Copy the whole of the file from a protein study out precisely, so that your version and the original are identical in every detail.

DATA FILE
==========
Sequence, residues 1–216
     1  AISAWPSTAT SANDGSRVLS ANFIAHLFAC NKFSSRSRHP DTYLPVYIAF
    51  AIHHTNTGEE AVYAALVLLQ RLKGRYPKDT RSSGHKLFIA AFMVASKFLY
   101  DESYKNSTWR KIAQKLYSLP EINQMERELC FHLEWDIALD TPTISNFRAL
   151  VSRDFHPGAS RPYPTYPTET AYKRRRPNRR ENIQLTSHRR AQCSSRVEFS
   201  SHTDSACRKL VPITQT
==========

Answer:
Sequence, residues 1–216
     1  AISAWPSTAT SANDGSRVLS ANFIAHLFAC NKFSSRSRHP DTYLPVYIAF
    51  AIHHTNTGEE AVYAALVLLQ RLKGRYPKDT RSSGHKLFIA AFMVASKFLY
   101  DESYKNSTWR KIAQKLYSLP EINQMERELC FHLEWDIALD TPTISNFRAL
   151  VSRDFHPGAS RPYPTYPTET AYKRRRPNRR ENIQLTSHRR AQCSSRVEFS
   201  SHTDSACRKL VPITQT